Dog Agility Equipment
 
 
 
 
Dog Agility Q & A

 
When you're
just starting out you have tons of questions and very few answers. That's what this section is for -- Q & A.

I'm writing a book called "1000 Questions (and Answers!) About Dog Agility" and I still need quite a few questions before I can finish. So I've been soliciting questions from the visitors to AgilityTrial.com and answering them in the mailing list.

Following are a few of the more common questions (and answers!) that I've received over the last couple years. If your question isn't here, send me an email and ask! Also, if you'd like more Q & A, please subscribe to my email list -- every couple weeks or so you'll receive free training tips, Q & A, etc.

Now, here are a few Qs and some As from the past...


Q. I live in __(fill in the blank)__ and I want to start agility lessons with my dog. Can you tell me who to contact for lessons?

A. Anybody who knows me will say that I know an awful lot (okay, only my kids will say that, and they're not teenagers yet), but I don't know of all the agility trainers around the world.

However, I was able to go to my trusty bookmark collection and pull out the following URL:

CleanRun Club Listing

Clean Run has a searchable database with info on agility clubs and schools. Take a peek at what's in your area.

Also, a question that's asked a lot is how to find an agility trial near __(fill in the blank)__ and the answer is very near the same thing:

CleanRun Events

That address will lead you to Clean Run's list of trials, fun runs, seminars, etc.

Oh, if you ever end up buying something from Clean Run because I sent you there, be sure and let them know. I'm bucking for a free subscription to their great magazine! :)


Q. How do I know how far apart to space the poles on my weave poles. Is the measurement from the edge of one pole to the edge of the next? Or from center to center? Help!

A. Calm down, bucko. The short answer is that it's not all that critical. Well, you want to have the correct width between poles, but the difference of part of an inch probably isn't going to make any difference to your dog.

In NADAC, for instance, you have about one inch of leeway -- the poles should be 20"-21" from center to center. It also says the poles should be 36"-48" tall and the width of the poles should be 3/4"-1" in diameter.

How did I know all that? I checked the NADAC website -- their rules page, specifically. It's here:

NADAC Rules


Q. I have a dog that I adopted from the SPCA and I don't know his exact age. I have read that a dog must be at least 18-months old to enter a competition, so how do I determine my dog's exact age?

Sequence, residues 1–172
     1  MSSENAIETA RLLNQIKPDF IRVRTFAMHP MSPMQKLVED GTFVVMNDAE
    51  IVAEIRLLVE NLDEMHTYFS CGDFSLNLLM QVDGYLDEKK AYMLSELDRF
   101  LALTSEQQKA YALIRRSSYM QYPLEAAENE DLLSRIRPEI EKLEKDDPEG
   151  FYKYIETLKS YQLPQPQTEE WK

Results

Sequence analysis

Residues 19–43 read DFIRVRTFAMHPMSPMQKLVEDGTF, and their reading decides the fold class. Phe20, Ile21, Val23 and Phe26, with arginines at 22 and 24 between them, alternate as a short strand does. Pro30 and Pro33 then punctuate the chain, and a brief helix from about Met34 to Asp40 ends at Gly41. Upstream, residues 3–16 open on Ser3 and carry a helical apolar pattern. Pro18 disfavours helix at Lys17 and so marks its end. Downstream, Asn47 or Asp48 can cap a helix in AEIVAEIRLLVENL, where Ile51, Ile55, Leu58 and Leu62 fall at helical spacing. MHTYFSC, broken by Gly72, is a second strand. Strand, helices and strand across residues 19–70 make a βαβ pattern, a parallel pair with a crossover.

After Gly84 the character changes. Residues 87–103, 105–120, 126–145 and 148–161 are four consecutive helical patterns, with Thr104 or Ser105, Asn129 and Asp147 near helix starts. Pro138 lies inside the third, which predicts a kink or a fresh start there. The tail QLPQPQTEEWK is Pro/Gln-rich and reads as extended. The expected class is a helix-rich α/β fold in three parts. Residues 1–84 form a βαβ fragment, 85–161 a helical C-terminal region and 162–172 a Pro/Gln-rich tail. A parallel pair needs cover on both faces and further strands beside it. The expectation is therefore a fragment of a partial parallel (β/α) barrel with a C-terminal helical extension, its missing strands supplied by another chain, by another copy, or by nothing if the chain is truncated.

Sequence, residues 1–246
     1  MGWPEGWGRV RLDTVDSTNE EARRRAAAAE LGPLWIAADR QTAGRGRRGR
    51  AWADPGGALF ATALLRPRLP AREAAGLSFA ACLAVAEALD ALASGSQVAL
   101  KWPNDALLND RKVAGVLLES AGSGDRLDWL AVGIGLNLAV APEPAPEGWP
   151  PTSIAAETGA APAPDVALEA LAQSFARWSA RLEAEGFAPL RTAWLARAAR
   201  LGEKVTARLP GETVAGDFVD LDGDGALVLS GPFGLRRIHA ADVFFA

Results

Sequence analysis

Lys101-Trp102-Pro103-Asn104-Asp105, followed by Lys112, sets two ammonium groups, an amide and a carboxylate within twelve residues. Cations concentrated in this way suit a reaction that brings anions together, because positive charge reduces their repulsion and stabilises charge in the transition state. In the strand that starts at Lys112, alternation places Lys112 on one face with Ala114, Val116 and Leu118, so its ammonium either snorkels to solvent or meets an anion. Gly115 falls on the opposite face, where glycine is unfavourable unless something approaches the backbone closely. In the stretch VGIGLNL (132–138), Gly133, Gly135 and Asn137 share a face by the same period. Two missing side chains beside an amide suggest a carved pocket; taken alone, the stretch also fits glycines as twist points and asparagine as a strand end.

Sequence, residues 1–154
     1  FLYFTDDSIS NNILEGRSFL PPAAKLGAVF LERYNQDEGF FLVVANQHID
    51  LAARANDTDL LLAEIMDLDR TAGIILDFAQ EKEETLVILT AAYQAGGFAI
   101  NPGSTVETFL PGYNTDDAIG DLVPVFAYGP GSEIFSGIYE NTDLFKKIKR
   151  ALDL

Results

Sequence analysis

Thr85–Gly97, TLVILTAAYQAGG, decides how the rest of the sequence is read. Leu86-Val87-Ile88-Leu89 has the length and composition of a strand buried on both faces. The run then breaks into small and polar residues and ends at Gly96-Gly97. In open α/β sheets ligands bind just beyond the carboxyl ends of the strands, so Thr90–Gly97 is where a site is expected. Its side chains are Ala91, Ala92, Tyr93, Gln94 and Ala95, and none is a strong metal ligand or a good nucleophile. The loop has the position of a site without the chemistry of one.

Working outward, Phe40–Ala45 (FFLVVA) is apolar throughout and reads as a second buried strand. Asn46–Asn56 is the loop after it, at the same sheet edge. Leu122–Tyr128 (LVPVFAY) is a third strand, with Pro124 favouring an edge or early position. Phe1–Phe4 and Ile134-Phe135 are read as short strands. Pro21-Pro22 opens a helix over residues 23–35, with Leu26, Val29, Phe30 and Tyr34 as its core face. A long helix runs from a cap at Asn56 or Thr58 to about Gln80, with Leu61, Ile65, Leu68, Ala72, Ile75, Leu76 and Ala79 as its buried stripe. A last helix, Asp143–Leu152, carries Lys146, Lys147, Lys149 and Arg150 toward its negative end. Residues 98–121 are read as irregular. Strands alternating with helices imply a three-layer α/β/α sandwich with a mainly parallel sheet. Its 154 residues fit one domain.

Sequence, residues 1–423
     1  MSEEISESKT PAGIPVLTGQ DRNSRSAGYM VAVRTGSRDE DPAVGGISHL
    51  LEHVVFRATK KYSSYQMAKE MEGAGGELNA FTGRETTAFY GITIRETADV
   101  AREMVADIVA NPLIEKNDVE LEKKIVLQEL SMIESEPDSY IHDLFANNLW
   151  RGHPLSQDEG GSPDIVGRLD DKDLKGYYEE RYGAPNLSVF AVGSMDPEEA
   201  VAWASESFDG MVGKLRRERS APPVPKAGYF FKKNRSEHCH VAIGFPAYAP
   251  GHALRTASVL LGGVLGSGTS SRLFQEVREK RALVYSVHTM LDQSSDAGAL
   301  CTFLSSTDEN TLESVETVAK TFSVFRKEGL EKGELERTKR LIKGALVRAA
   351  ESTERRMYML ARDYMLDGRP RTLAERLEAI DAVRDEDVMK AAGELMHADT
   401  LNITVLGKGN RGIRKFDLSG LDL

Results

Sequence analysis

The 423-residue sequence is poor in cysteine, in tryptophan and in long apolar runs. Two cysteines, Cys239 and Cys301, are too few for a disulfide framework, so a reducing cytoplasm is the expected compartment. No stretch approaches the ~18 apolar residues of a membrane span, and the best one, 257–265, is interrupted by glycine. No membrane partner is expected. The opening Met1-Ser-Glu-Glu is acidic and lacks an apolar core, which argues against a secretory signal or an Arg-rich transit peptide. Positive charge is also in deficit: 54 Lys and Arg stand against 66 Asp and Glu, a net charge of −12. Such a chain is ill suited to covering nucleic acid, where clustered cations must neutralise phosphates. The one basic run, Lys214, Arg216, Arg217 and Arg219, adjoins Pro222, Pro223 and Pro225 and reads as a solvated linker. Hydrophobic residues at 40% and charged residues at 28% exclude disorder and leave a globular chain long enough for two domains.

A. First, thanks for adopting a dog. Both of mine came from the pound and while I won't say that I'll never buy a purebreed, I don't see that happening any time soon. (I have two children and they're adopted, too, although not from the pound. Adoption seems to have become a lifestyle choice in our family.)

Anyway, here's how it works. Get around "dog people" and ask them how old they think your dog is. Then go to your vet and ask how old he or she thinks your dog is. When you get a number that "feels" right, grab a calendar and work backwards until you find your dog's birthday. Ta-da! You now know when your dog was born and so you know his exact age.

The short answer is, you make it up! As long as it's reasonable nobody will question it.


Q. My dog is 10 months old and I'd like to get her started in agility as soon as possible. How old does a dog have to be to do agility?

A. How old the dog should be to train in agility and compete in agility are two different things. For training, start your puppy early. Make it's all a game to them (which it is, of course). Be careful not to start your dog on jumping too soon -- you want to be sure their "growth plates" have finished closing before subjecting them to constant or high jumps. Check with your vet to see when that typically happens for your particular breed.


Q. In the novice agility class, will there be weaves? Is there a specific list of obstacles that will be involved in this class?

A. Yes, you can pretty much count on having a set of at least six weave poles to deal with in the novice class -- no matter which flavor of agility you do. There are lists of obstacles that you *will* and *may* encounter at the websites of the different organizations. Click the "Trials" button at the top of this page to find links to the different organizations.


 

 

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